a career in digital
how to secure your first role in digital
With the new university year about to start, we decided to take a look at how you fresh-faced freshers can aim to get a career in digital.
First things first, you should probably know that I don’t have a degree in a digital discipline. I studied English Literature at University of South Wales, although at the risk of sounding old beyond my years, back in my day it was called University of Glamorgan. At the time, I had no clue what I wanted to do. Fast forward three years and I was still very much in the same position; albeit with a newfound nausea for the word “jagerbomb” and a charming photo of me donning a cap and gown whilst holding a rolled up piece of paper.
All I knew was that I wanted to do something that involved writing, so I began researching the careers in which I could do this. That’s when I first realised that the digital world might be the place for me. I’d heard whispers of the terrifying term “SEO” over the years, but it sounded like some scary, technical world that my brain couldn’t possibly comprehend. However, I’m now part of the Uprise SEO team and I couldn’t be happier; it’s definitely the right career path for me.
For those of you just starting at university, three years probably sounds like a long way off. Sadly, it isn’t as long as it sounds and the reality of adulthood and full-time jobs looms ever closer. Of course, landing your first full-time job outside of university is incredibly challenging, so it pays to make yourself as indispensable as possible and teach yourself a few new skills along the way. With this in mind, I thought I’d offer my tuppence on what you can do at university to start racking up the experience and get ahead of the competition.
Keep up-to-date with trends
If you’re serious about making a career in digital, you need to stay on top of the constantly evolving digital trends. Read digital marketing blogs and follow industry insiders on Twitter and LinkedIn as they regularly post opinions on latest tech news, as well as sharing great “how to” guides. There’s so much going on in the digital world, that it probably isn’t feasible for you to know all of the latest news, just make sure you know the important stuff, like Google algorithm updates. They’re normally a pretty big deal in the world of SEO!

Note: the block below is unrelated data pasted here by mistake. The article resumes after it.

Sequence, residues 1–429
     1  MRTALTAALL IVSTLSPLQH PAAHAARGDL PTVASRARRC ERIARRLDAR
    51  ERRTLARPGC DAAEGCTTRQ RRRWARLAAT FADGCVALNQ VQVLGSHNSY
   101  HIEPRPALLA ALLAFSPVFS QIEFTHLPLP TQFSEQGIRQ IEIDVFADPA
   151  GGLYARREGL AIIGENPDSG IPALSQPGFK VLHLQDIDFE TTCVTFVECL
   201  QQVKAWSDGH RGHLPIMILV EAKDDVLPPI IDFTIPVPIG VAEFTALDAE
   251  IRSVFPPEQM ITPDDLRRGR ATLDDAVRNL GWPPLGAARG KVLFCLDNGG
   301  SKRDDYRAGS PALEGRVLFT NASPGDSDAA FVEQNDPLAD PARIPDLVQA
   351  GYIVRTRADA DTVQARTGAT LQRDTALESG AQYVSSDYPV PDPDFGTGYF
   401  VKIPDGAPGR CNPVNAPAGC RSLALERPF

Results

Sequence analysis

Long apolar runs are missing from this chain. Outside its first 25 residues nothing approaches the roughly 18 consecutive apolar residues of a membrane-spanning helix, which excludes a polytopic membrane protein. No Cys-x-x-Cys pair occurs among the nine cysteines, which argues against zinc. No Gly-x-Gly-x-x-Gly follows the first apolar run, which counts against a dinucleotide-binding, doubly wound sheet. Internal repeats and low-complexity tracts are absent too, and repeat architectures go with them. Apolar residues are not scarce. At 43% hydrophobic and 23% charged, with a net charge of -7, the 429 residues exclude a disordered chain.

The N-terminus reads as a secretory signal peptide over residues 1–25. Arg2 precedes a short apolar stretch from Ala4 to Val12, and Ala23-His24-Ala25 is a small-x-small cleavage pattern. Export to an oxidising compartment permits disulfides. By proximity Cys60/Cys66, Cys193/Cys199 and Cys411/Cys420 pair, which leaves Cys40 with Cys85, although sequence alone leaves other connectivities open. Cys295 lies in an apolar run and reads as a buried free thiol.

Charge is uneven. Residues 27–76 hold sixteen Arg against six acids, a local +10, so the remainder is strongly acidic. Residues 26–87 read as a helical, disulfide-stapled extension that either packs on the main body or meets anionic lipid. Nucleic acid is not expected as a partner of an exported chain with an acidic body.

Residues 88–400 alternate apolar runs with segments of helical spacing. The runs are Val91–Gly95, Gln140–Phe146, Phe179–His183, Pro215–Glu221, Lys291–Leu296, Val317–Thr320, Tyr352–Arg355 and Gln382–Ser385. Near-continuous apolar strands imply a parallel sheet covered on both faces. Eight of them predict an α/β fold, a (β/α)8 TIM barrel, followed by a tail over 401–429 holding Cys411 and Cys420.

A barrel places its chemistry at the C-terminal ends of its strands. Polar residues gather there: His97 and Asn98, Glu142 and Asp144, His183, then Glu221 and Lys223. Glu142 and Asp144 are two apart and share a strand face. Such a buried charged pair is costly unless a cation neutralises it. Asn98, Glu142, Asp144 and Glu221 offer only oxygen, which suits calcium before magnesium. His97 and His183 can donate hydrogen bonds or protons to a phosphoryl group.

Create an online presence
Let’s be honest, these days most employers will Google a person before inviting them to interview, especially in the digital world. Make sure you can be found easily, and for all the right reasons. If you’re ‘internet famous’ for trolling celebrities on Twitter or posting wine-fuelled rants, then it’s unlikely you’ll be landing yourself a job in digital. Keep your social media profiles on LinkedIn and Twitter professional, and set your Facebook to private.
It can also help to have your own website or set up a blog. However, if you’re not going to have the time to regularly update a blog then sometimes it’s best to leave it. Sporadic updates can make you seem inconsistent and like your heart isn’t truly in it. Similarly, if you’re after a job in web design or development, then make sure your website is professionally presented.
Consider unpaid work placements
We’re all familiar with the frustrating fact that as well as a good standard of education, employers want you to have a certain amount of experience. Your studies should be your first priority at university but if possible, find the time to undertake some unpaid work experience.
Before starting at Uprise, I did a lot of unpaid work placements and freelancing. As you can imagine, unpaid work isn’t the most appealing of offers, but if you can find a reason to get out of bed and go to an unpaid placement, then you’ll know for sure if it’s something you truly enjoy.
I interned for a magazine in London on an “expenses only” contract. For those of you who don’t know, expenses are usually less than £10 a day which means I had to pay for my own accommodation throughout the internship. I was essentially paying to go to work. I don’t regret this decision though; it was an invaluable experience to work for a popular magazine, build contacts and valuable experience.
Not everyone is in a position where they can afford to fork out large amounts of money to do this, but approach local agencies or offer to help out on local voluntary projects. Not only will it give you great experience, but it’s also a chance to make contacts.
Don’t expect to land your dream job straight out of university
It’s an unfortunate truth that experience counts for more than education in the long run. My first full-time job after university was completely unrelated to the field in which I wanted to work. However, I made the time to freelance on the side and, slowly but surely, I built up enough of a portfolio to get myself a full-time job in social media. Ironically, that job came as a result of unpaid work experience. This proves that all of your efforts will eventually pay off in the long run.
Do consider schemes
I started at Uprise on a six month contract through Careers Wales. I’ve been fortunate enough to secure a full-time contract out of this. However, even if Uprise hadn’t have kept me on, the experience was invaluable. Working for a growing agency has been fast-paced, and I’ve learnt more in my six months here than I did in any other job.
Overall, my advice to anyone starting university in the coming weeks would be to make the most of every opportunity. Without sounding like your school careers teacher, this does include signing up to clubs and societies that will benefit your future in the long run, but sometimes it’ll also mean staying out and drinking that last jagerbomb and giving yourself stories and memories to treasure.
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